Rabbi Simeon ben Yohai said, "It is true that the Holy One, blessed be He, has agreed that the upper and the lower worlds should be with us in this book. Happy is the generation in which this is revealed; and all this will be renewed by the hand of Moses, at the end of days, in the final generation."
(ibid., Tikkun 69)
Since calculations of the time of Redemption in the Zohar argue that the time of the Redemption will be the beginning of the sixth millennium "from the creation of the world" (the middle and end of the 13th century CE), the Zohar states that it will "be revealed" in the lifetime of Rabbi Moses de Leon, "by the hand of Moses." It is possible to claim that these words are a prophecy by Rabbi Simeon bar Yohai about what would happen 1100 years after his death, but then we will have to accuse him of being a false prophet--Redemption, as we well know, did not occur in the 13th century nor later still. We are now, according to the Jewish calendar, in the last quarter of the sixth millennium and the Redemption still tarries. Either Rabbi Simeon's prophecy has been proven completely false or the words in Tikkunei Zohar are an ex post facto prophecy: Rabbi Moses de Leon did live in the beginning of the sixth millennium, and at that time many Kabbalists thought that the Redemption would occur within decades of the turn of the millennium. In full compliance with this convention, de Leon wrote in the Zohar that his generation was the generation before the Redemption, and this was the time for the hidden Torah to be revealed in public. As is known, the Redemption did not occur, but this is more proof that the Zohar was written in the 13th century.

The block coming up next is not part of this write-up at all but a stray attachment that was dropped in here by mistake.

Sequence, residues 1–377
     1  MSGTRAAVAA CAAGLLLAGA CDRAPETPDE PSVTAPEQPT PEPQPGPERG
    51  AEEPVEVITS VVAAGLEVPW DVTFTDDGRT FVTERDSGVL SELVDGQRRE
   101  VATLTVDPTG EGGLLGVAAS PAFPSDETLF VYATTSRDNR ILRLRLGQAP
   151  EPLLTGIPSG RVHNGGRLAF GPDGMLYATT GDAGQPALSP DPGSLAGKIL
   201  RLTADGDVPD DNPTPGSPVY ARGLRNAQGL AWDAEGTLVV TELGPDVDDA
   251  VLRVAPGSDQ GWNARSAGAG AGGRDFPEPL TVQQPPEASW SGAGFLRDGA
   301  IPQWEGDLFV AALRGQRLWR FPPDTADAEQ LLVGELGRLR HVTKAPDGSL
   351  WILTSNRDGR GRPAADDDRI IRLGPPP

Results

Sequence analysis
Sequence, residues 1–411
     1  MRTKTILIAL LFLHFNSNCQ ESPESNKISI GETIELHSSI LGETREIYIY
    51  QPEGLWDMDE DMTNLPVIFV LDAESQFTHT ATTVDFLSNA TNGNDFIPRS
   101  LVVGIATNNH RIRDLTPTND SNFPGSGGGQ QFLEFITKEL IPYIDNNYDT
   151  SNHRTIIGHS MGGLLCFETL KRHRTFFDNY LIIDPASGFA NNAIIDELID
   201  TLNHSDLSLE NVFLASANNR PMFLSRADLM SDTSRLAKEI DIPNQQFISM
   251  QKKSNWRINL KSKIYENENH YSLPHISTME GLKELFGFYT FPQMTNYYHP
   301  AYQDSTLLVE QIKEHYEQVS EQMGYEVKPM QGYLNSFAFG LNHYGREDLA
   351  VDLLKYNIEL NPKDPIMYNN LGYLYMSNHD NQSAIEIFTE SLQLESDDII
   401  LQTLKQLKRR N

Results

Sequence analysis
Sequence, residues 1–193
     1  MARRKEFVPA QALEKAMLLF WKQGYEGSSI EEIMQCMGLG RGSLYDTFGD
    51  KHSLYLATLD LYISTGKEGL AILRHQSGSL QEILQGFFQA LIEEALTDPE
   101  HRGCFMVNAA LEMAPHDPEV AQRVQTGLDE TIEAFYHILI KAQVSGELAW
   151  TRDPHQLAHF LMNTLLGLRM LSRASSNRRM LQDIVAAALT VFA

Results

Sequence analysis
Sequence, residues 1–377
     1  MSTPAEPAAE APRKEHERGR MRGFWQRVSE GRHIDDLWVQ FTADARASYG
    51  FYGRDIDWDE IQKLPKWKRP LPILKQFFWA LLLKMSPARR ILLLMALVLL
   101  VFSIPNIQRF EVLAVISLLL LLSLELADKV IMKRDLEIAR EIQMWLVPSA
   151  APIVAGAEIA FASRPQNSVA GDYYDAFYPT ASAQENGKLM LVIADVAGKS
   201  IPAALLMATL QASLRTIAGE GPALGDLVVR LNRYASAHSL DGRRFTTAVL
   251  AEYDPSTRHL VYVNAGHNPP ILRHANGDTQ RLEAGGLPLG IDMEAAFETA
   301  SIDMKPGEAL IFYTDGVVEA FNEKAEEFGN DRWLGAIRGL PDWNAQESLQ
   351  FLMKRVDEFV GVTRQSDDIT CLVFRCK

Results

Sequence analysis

Quotations from the Zohar
Another important criterion in determining the time of the Zohar is checking which Judaic books through the generations quote it. In early Kabbalistic literature there is not a single quote from the Zohar. Moreover, Nachmanides, who died in de Leon's lifetime, brings ideas from the Zohar as his own novella. Thus, for example, in interpreting the verse, "If you do well, there is uplift..." Nachmanides wrote: "My view is that it means: if you do well you shall have superiority over your brothers, for you are the firstborn." This same interpretation is brought in the Zohar, "Rabbi Judah said, 'Why does it say "If you do well, there is uplift..."? This is what He said [to Cain], 'If you do [your work] well, shall it not be lifted up?' What does lifted up mean? It means superiority, as in yeter se'et, since the firstborn always takes precedence." Were Nachmanides aware of the existence of the Zohar and had he agreed with the approach which claimed the book had been written in the days of Rabbi Simeon bar Yohai, he would not have presented the interpretation as his own view.
There is, therefore, a logical basis for the words of Rabbi Judah Hayyat, that Nachmanides did not know about the Zohar. And if we mention that at the time of the publication of the Zohar there were only two theories about its appearance--that it was written by Rabbi Moses de Leon himself or that there was an ancient manuscript, sent from Palestine to Spain by Nachmanides, from which de Leon copied his leaflets--we will have to conclude that the second theory is incorrect. That means that de Leon is the author of the Zohar (whether this was done through deliberate forgery or using magical powers is not the issue). Therefore, the date of the composition of the Zohar is the end of the 13th, not the second, century.